The way to fix the problem of a misplaced or missing mute is by having a violin mute that permanently sits on your strings and does not buzz or move inappropriately. The Finissima mute or Spector mute works the same as the above mutes, and it sits flush with the strings behind the bridge, ready to be placed on the bridge at a second's notice.
Check out another beautiful performance of the muted-sounding violin in the Tchaikovsky Violin Concerto below:
Practice mutes are not to be used in classical music. The only time they might be used in performance (and with probably extremely rare occurrence) would be postmodern music, score recording, sound effects, or other experimental music. By in large, practice mutes are meant only for what their name implies: practice.
You might live in a thin-walled apartment, or perhaps like me, you have small children who go to sleep at 7:30 PM. If you want to enjoy music without either inciting the ire of neighbors or waking your sleeping offspring (or partner!), a practice mute is your best bet.
Many students of music use practice mutes even in settings like practice rooms, where they either don't feel comfortable projecting a loud tone, or it's socially unacceptable to project one's tone. Typically, practice rooms are a place that allow students the ability to play fully, unapologetic of how loud or soft their music. However, not all music practice rooms are soundproofed, and some musicians are not comfortable letting others hear their music before they are ready to perform. For these situations, a practice mute is perfect.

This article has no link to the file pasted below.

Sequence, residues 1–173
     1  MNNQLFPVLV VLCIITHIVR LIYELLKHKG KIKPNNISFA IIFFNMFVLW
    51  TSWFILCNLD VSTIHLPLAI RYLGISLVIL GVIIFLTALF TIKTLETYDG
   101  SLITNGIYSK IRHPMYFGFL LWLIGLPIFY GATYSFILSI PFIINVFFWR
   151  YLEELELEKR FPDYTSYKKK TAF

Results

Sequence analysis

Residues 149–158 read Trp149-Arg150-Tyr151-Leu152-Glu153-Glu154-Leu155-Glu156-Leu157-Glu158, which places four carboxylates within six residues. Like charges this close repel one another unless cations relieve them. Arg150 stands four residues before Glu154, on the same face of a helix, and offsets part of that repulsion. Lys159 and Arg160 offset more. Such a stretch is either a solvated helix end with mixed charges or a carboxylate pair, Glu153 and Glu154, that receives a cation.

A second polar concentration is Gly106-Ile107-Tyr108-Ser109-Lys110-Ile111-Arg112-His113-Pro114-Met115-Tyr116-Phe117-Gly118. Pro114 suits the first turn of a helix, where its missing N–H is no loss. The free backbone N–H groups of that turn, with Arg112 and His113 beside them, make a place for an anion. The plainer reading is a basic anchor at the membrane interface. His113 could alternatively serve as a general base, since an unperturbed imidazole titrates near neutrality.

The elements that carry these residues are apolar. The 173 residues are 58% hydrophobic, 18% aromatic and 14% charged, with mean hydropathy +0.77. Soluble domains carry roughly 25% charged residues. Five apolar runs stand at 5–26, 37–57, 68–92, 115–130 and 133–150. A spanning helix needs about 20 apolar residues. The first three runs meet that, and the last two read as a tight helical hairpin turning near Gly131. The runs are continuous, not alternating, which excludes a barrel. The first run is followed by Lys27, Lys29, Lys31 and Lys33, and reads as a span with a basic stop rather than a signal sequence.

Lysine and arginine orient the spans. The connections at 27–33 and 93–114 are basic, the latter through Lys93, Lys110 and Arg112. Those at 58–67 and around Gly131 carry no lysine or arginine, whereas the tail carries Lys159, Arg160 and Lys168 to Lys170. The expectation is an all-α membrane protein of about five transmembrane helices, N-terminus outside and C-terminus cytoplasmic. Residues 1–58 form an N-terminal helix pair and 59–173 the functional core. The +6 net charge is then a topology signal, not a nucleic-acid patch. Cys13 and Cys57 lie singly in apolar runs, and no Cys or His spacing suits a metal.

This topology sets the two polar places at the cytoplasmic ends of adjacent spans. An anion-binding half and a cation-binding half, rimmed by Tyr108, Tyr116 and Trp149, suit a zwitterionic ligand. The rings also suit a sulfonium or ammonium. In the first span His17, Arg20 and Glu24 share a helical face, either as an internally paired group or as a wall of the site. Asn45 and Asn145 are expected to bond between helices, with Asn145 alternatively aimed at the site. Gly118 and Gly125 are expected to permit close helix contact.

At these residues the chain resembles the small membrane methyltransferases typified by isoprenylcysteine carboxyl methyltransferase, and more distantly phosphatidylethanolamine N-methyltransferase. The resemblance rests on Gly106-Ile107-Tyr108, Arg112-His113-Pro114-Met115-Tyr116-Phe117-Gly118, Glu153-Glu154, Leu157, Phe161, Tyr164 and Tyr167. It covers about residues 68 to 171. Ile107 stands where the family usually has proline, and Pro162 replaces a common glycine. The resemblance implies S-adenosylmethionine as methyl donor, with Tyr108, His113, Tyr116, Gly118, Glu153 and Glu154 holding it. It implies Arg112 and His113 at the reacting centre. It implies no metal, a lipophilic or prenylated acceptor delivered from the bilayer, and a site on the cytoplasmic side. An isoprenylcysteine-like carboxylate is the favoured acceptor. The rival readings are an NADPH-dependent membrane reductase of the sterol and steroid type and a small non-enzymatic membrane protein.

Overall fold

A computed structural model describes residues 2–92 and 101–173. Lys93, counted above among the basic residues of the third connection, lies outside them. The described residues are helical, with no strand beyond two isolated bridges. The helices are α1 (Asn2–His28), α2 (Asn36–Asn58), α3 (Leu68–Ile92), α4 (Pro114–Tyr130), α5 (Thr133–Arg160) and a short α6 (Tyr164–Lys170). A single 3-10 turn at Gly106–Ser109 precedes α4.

Some practice mutes attenuate up to 80% of a violin's sound, which sounds like a lot, and it is. No mute will completely silence a violin (short of having an electric instrument), but using a solid practice mute will help to not wake the baby (or tick off your roommate).
Practice mutes will significantly alter the violin's sound. However, with a good practice mute that's well made, the violin's tone will not be sacrificed, only it's volume.
Always take care to put your practice mute somewhere safe, especially if transporting it in your violin case. Practice mutes are heavy, especially the metal ones, and if your case does not snugly hold all of your accessories, the practice mute can seriously damage your instrument.
There are typically two different types of practice mutes. One type is metal, and the other is a very heavy rubber. Both attach fully to the violin bridge, allowing the maximum amount of attenuation. Where the orchestral mute only hangs on to the bridge of the violin with a tiny slip of rubber, attaching at the middle of the bridge, the practice mute not only attaches on the entire top of the bridge (with space around the strings like the tines of a fork), but it covers both the front and the back of the bridge.
These mutes are more expensive than orchestral mutes for the sheer reason that you are purchasing more material. However, even these mutes are inexpensive and should be considered an essential practice accessory.
For the serious musician, and those who have other people who live in close proximity, mutes are an indispensible accessory to violin playing. Mutes are a beautiful and interesting addition to classical music color, and just like a trumpet mute, without using one properly, the composer's original ideas about the music cannot be fully achieved. Snag these low-cost accessories today!